Political philosopher Alan Wertheimer argued against the empirical account of coercion by stating that the outcome of a choice proposal is based on the context. The concern that the possible alternatives of a particular proposal are unreasonable, is irrelevant. What matters is whether or not the proposal is an infringement of one’s rights. For example, consider a patient has to undergo a life-saving operation. The medical staff propose that the patient has to undergo surgery to ensure their survival. In order for the surgery to happen the patient has to sign a consent form. In this context, the patient has no other option other than to sign the form. The consequences of not doing so would lead to an untenable situation; death. Under the empirical account, the patient is coerced to sign the consent form and undergo surgery because the alternative option is undesirable. However, when this scenario is considered under the rights based approach the problem is solved. Even though the patient has no other reasonable option other than to sign the consent form, he still does so without coercion. If the surgeon were to operate without consent then that would be tantamount to physical assault or abuse. From this example, and many similar ones, we see that it is not as simple to say that someone has been coerced if the alternatives to a proposal are unreasonable. Coercion is about the violation of rights.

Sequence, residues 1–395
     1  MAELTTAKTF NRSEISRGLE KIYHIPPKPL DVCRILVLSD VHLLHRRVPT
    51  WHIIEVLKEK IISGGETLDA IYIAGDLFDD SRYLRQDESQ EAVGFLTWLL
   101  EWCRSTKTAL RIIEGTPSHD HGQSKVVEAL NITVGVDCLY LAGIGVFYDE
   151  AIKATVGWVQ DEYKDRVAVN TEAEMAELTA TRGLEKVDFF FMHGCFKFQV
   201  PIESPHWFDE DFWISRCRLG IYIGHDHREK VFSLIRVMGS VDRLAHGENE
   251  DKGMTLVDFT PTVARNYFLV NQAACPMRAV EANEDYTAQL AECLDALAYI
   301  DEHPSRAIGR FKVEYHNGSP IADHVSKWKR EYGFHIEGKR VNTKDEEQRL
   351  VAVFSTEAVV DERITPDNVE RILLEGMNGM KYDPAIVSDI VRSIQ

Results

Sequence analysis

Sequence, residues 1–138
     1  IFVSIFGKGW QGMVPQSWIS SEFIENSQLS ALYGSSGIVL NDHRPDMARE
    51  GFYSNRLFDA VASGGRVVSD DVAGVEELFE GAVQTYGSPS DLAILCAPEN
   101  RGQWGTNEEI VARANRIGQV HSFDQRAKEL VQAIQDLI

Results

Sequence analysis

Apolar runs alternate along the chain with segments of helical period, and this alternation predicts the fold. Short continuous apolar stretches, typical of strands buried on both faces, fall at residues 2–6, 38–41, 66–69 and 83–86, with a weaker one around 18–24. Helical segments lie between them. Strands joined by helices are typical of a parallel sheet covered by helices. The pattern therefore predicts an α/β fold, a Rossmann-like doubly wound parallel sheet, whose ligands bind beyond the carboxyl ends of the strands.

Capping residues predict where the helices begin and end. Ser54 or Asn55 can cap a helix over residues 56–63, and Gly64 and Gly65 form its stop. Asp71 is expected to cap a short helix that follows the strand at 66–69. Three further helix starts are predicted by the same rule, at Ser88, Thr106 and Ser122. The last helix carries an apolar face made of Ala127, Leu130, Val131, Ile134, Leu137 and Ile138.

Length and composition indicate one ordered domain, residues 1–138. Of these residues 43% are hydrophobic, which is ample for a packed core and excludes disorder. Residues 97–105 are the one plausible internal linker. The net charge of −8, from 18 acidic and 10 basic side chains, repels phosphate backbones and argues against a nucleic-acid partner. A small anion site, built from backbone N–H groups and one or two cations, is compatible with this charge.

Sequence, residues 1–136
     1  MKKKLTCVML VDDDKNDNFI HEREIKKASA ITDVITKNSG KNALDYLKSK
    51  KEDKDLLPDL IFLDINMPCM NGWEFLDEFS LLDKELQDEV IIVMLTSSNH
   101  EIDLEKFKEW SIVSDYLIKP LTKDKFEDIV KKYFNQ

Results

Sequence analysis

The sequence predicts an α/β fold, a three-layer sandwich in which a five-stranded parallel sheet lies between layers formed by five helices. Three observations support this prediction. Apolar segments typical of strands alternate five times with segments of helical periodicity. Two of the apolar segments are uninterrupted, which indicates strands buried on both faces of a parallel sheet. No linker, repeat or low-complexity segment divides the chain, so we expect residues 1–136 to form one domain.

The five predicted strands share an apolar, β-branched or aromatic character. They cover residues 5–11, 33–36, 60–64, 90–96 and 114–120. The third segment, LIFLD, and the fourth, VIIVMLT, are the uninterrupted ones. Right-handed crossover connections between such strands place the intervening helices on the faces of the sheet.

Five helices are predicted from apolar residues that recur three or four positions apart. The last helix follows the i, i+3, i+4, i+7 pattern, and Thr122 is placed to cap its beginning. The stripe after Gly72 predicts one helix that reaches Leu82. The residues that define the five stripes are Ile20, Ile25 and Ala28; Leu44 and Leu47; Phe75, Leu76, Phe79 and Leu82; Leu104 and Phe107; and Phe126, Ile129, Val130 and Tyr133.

Freedom is about rights
In light of the above discussion, what is significant about the notion of coercion is our conception of rights. Take into consideration two distinct conceptions of rights: negative and positive. Negative rights “do not impose an obligation on others to provide you with something” (Andrew Bradley. “Positive Rights, Negative Rights and Health Care.” Journal of Medical Ethics 36, no. 12 (2010): 838. ) and they are restricted to “life, liberty, and property”. (Bans Parkan. “On Multinational Corporations and the Provision of Positive Rights.” Journal of Business Ethics 85 (2009): 76.) Positive rights entail that people should be “provided with certain things”. (Andrew Melnyk. “Is There a Formal Argument against Positive Rights?” Philosophical Studies: An International Journal for Philosophy in the Analytic Tradition 55, no. 2 (1989): 205.) This implies that people have obligations to each other. These obligations do not only involve not interfering with other people’s rights, but ensures “that one gets whatever one has the rights to”. (Ibid.) An example of positive rights include the right to basic support to ensure the essential needs of food, shelter and clothing.